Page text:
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National Collaborating Centre for Primary Care (UK). Medicines Adherence: Involving Patients in Decisions About Prescribed Medicines and Supporting Adherence [Internet]. London: Royal College of General Practitioners (UK); 2009 Jan. (NICE Clinical Guidelines, No. 76.)

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Medicines Adherence: Involving Patients in Decisions About Prescribed Medicines and Supporting Adherence [Internet].

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The prescription of medicines is a core element of the delivery of modern health care. Medicines are widely used not only to relieve symptoms and cure conditions but to prevent ill health in the future. Medical advances, combined with an ageing population, have resulted in many patients taking multiple medicines in complex regimes. There is an increasing number and diversity of healthcare professionals involving in prescribing, dispensing or reviewing medicines. Prescribing was once the preserve of the medical profession but prescribing rights are now available to other health professionals either as independent or supplementary prescribers.

Medicine-taking is a complex human behaviour and patients evaluate medicines, and the risks and benefits of medicines using the resources available to them. Unwanted and unused medicines reflect inadequate communication between professionals and patients - about health problems and how they might be treated, and about patients’ ongoing assessment and experience of treatments. This guideline will be of help to all healthcare professionals by providing guidance on how to involve patients in the decision to prescribe medicines and on how to support patients in their subsequent use of medicines. The recommendations include advice to healthcare professionals to ensure there are robust mechanisms to ensure communication between the many professionals who may be involved in each patient’s care.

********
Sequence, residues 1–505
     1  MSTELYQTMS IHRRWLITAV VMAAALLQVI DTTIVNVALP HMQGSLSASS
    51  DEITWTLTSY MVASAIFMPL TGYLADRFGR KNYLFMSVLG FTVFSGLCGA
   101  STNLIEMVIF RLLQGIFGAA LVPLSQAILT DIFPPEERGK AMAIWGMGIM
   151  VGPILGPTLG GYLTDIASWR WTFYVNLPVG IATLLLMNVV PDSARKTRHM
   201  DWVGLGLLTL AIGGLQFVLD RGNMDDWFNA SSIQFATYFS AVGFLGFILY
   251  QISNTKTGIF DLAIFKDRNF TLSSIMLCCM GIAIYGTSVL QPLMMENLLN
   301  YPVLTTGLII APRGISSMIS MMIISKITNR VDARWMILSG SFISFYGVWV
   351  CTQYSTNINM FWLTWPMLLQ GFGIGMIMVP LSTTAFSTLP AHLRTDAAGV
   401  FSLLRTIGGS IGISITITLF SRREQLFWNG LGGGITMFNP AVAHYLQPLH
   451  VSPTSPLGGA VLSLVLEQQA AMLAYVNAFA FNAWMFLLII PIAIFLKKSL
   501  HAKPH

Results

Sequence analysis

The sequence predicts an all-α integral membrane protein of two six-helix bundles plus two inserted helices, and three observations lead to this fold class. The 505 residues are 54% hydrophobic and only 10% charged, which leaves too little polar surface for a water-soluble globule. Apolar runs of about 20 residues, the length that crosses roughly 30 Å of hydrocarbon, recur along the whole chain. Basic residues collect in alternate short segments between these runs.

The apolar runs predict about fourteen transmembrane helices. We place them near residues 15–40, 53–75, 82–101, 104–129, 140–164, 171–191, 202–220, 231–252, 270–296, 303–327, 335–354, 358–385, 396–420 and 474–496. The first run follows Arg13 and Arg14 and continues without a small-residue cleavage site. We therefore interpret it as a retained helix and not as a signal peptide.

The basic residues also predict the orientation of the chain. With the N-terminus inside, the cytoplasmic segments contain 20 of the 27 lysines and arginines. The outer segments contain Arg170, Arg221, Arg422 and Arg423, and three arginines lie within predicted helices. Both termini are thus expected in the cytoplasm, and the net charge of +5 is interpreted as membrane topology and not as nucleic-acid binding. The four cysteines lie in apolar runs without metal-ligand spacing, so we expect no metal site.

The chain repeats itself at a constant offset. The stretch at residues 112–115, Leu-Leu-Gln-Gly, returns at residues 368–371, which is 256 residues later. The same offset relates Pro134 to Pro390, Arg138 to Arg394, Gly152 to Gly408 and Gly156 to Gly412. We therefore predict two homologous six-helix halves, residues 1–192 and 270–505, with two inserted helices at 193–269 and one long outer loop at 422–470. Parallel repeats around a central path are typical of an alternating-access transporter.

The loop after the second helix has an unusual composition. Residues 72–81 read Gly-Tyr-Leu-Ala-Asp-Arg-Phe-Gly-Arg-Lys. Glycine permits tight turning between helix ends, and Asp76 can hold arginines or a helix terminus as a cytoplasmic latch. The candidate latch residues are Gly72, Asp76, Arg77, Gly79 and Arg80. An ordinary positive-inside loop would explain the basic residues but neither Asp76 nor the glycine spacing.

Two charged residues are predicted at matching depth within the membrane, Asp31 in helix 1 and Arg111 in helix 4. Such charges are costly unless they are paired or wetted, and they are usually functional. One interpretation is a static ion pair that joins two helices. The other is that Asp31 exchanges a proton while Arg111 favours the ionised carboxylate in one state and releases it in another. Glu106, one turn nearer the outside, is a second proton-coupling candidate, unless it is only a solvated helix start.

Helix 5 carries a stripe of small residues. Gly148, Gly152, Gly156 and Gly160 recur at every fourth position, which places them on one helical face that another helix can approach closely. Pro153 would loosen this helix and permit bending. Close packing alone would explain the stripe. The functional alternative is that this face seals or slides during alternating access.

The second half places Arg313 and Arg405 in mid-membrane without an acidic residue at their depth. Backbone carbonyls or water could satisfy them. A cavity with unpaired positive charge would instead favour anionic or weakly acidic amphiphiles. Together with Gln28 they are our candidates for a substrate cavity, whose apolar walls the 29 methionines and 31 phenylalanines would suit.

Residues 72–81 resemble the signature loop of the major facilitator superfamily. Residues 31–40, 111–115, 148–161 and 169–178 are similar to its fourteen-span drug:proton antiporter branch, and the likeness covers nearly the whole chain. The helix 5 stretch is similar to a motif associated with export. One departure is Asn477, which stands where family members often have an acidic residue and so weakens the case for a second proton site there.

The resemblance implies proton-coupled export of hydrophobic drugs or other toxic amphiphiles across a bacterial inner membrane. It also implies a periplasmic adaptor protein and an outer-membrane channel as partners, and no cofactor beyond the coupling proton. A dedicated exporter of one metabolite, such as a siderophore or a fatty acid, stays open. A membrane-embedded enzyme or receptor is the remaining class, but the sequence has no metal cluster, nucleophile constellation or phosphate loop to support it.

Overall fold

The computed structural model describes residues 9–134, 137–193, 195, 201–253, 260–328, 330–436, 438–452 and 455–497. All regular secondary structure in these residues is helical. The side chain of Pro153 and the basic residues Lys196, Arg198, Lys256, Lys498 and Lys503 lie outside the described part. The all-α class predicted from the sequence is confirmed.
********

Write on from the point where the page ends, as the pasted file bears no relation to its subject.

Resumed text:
The guideline has been developed using standard NICE methodology. Patient involvement and adherence are central to medicine –taking yet these areas are less well researched than medicines themselves. The guideline development process has highlighted the areas in which evidence is lacking and the Guideline Development Group has indicated those areas they consider high priority for research at the end of the guideline. Developing recommendations from the evidence might have been difficult if not for the commitment and expertise of the Guideline Development Group. I am extremely grateful to them for the good humour and skill they brought to their task.

Norma O’ Flynn

Clinical Director,

National Collaborating Centre for Primary Care

Copyright © 2009, Royal College of General Practitioners.

All rights reserved. No part of this publication may be reproduced in any form (including photocopying or storing it in any medium by electronic means and whether or not transiently or incidentally to some other use of this publication) without the written permission of the copyright owner. Applications for the copyright owner’s written permission to reproduce any part of this publication should be addressed to the publisher.

Bookshelf ID: NBK55428


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